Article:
Celebrating the acts of kindness in the fight against Covid-19
While getting used to my new routine in this uncertain time, I decided to limit the time I spend looking at the news each day. Instead, I am focussing on the positive stories that are coming out of this global crisis including the ways so many brands are stepping up to join the fight.
Ben Essen, Chief Strategy Officer at Iris, points out that in a crisis, businesses that want to do good can often feel damned if they do, damned if they don’t. Given the unprecedented nature of COVID-19, brands will continue to feel unsure of how to help without appearing to profit from the crisis. The question is whether the brand has a legitimate and authentic reason to act - ensuring the short-term survival of the company and the longer-term goodwill of the brand [The Drum].
Some brands have jumped in to help, without hesitation. They are helping our key workers, keeping our country moving and some are even saving lives. It’s truly heartwarming to witness. It began with chains like Leon, Subway, Pret a Manger and Nandos offering discounts on food or free coffee for medical workers. Now, many brands have gone above and beyond, changing their production, strategy and marketing campaigns quickly to react to the crisis.
I want to call out the amazing, authentic ways brands are helping, because they deserve to be recognised and celebrated.
The American shoe giant has recognised the US’ severe shortage of safety equipment for hospital staff on the frontline treating coronavirus patients, so has retooled its factories to be able to develop, manufacture and deliver face masks.
The production sites that usually produce perfume and makeup for the likes of Christian Dior and Givenchy, are instead manufacturing hand sanitiser. CEO Bernard Arnault announced that sanitiser will be delivered for free to French authorities and hospitals. They are on track to supply over 12 tonnes of the stuff!
A direct result of a lot of hand sanitiser is very dry hands which I'm sure we've all experienced in the last few weeks! So, to show their support for NHS workers, L'Occitane sent hand creams to hospitals to soothe their 'hard working hands'. In addition, while stores were open, any NHS worker was able to collect a free hand cream as a thank you.
Deliveroo has committed to deliver 500,000 hot dishes to NHS staff that are fighting the coronavirus. Restaurants including Pizza Hut (who have offered 300,000 of the total dishes) and Itsu will deliver directly to hospitals for no charge.
The ride hailing giant has offered to give away 200,000 rides up to £15 and 100,000 free meals worth up to £10 for NHS staff. Riders and drivers are truly going above and beyond during this crisis to feed and transport people who need to get to work.
After deciding to temporarily close their distribution centre to support the health and safety of their staff, Net-a-Porter has donated its premier delivery fleet to help seven Age UK charities in London to help deliver food and medicine to the elderly and vulnerable across the city. In addition, to the Italian Ministry of Education’s call for hardware, Yoox Net-a-Porter responded with a care package including 100 laptops for Italian school children.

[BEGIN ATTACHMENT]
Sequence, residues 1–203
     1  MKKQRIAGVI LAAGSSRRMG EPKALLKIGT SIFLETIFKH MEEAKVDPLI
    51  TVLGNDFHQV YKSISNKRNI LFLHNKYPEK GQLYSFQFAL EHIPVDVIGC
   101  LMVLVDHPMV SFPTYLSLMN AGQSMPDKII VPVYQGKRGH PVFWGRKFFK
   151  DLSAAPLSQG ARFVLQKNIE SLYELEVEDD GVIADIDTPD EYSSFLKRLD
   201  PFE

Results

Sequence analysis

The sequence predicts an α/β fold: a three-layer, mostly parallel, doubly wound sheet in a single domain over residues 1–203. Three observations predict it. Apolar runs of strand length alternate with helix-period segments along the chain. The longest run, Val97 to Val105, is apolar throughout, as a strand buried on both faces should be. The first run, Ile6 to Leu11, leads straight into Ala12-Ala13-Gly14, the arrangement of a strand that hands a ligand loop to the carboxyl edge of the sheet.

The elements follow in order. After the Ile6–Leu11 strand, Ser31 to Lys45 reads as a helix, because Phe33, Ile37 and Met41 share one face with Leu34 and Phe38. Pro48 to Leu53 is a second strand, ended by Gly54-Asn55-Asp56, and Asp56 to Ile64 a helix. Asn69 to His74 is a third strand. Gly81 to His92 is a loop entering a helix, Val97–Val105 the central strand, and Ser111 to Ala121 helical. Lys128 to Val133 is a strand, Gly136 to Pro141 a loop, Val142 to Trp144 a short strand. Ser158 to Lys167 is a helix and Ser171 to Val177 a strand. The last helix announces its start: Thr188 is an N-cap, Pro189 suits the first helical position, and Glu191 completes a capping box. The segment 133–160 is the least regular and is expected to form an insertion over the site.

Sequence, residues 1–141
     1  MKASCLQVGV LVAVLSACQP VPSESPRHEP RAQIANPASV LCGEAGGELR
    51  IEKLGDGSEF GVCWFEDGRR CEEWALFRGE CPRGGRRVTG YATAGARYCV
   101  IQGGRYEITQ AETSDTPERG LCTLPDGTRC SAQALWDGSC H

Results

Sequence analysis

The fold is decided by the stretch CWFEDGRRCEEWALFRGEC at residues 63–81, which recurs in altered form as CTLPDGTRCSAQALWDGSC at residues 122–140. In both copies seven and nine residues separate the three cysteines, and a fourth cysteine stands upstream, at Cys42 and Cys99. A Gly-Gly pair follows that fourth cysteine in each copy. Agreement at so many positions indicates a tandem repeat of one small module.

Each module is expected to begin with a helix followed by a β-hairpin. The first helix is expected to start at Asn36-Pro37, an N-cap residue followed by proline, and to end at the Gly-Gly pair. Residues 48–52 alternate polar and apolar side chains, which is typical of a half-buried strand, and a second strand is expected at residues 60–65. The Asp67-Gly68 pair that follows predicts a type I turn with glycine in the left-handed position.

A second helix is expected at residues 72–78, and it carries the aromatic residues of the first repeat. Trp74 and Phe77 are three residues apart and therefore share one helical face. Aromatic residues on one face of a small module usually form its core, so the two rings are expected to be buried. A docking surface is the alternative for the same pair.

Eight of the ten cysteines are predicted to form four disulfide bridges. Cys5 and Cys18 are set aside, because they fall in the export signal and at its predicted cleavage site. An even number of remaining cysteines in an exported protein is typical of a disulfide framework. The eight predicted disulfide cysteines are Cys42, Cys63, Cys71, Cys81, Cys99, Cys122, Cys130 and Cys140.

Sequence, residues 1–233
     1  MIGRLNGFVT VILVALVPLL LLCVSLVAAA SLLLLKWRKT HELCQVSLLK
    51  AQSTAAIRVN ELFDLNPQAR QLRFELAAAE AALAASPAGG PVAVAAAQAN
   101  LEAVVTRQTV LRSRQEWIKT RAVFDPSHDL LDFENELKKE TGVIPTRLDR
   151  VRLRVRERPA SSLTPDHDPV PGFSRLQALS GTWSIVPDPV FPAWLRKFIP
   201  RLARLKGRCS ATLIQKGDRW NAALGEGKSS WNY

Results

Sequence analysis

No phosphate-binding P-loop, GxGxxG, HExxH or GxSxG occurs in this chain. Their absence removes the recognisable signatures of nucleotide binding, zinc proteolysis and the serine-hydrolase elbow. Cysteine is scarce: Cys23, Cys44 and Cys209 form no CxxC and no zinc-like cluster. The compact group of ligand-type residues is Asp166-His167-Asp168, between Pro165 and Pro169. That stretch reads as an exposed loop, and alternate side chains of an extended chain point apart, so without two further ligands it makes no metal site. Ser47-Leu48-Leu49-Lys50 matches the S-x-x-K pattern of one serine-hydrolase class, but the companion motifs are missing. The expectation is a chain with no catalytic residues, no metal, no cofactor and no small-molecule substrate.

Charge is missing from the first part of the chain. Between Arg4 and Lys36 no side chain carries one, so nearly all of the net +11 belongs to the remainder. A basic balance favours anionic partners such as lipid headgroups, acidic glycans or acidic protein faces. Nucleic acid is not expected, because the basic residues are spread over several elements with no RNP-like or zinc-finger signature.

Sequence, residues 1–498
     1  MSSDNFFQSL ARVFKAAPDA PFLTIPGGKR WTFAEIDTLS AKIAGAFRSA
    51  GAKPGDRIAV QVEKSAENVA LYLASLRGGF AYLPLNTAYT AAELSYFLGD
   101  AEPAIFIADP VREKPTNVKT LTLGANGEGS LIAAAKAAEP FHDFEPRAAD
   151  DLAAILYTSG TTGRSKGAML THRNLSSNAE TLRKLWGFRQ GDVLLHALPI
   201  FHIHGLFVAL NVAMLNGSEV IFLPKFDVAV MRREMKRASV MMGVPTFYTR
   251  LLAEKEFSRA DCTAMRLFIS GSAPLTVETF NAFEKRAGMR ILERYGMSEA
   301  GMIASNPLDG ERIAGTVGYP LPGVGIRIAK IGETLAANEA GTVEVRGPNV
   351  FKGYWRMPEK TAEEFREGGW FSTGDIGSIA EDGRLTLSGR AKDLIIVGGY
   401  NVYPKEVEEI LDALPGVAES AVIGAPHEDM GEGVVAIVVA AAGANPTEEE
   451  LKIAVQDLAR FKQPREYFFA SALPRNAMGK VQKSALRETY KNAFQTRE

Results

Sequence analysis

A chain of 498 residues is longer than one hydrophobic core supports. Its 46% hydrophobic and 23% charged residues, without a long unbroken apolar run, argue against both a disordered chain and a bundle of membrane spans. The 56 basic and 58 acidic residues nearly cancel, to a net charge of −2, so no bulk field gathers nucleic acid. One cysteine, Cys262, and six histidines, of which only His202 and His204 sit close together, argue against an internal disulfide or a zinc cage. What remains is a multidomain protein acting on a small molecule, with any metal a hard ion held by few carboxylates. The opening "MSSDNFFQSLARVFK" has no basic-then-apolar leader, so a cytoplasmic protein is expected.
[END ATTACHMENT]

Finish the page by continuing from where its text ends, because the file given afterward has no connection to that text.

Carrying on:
Iceland was the first supermarket to offer an earlier opening time for elderly and vulnerable customers, with the first two hours of opening dedicated to them. The initiative came from a branch in Belfast, with other stores quickly doing the same and then most UK supermarkets following suit.
For an additional heartwarming story, in case you missed it, a couple got engaged in an Iceland store after their dream trip to Iceland had to be cancelled leading to an improvisation!
Over the last few weeks, sadly food banks have seen donations dry up as shoppers stay home. Morrisons has responded by setting aside £10million worth of groceries for food banks across the UK, running their manufacturing sites for an extra hour each day to be able to restock them.
And for their own employees, the supermarket is giving every frontline worker a 'thank you bonus' equating to £1,050 for floor staff as a mark of appreciation for risking their own health to keep the nation fed.
The other supermarkets are also making sure their staff are rewarded for their hard work. Tesco, Sainsbury's and Aldi pledged to give all workers a 10% increase on all hours worked, while Asda said it will give all staff an extra week's pay in June. Lidl pledged to give all of its staff members a £150 gift card for their hard work during the pandemic and Marks & Spencer will also give its workers a 15% pay reward.
All this comes after reports UK households are currently buying £1billion more food a week, spending more than over the peak Christmas period [The Mirror].
Due to the short supply of ventilators, Mercedes’ experts are working alongside University College London engineers and UCLH clinicians to build a device that supplies oxygen to the lungs as an alternative to a ventilator. The devices have been used in China and Italy to help patients with the virus but there is currently a lack available to the NHS. So far, 40 of Mercedes' devices have been deployed to London hospitals as a trial and if it's deemed successful, up to 1,000 more machines can be produced every day.
I think we can all agree that there is a lot of good coming out of this scary time, I'm sure a lot more is to come and that's what I want to focus on. Brands' efforts will not be forgotten once we are out the other side of this.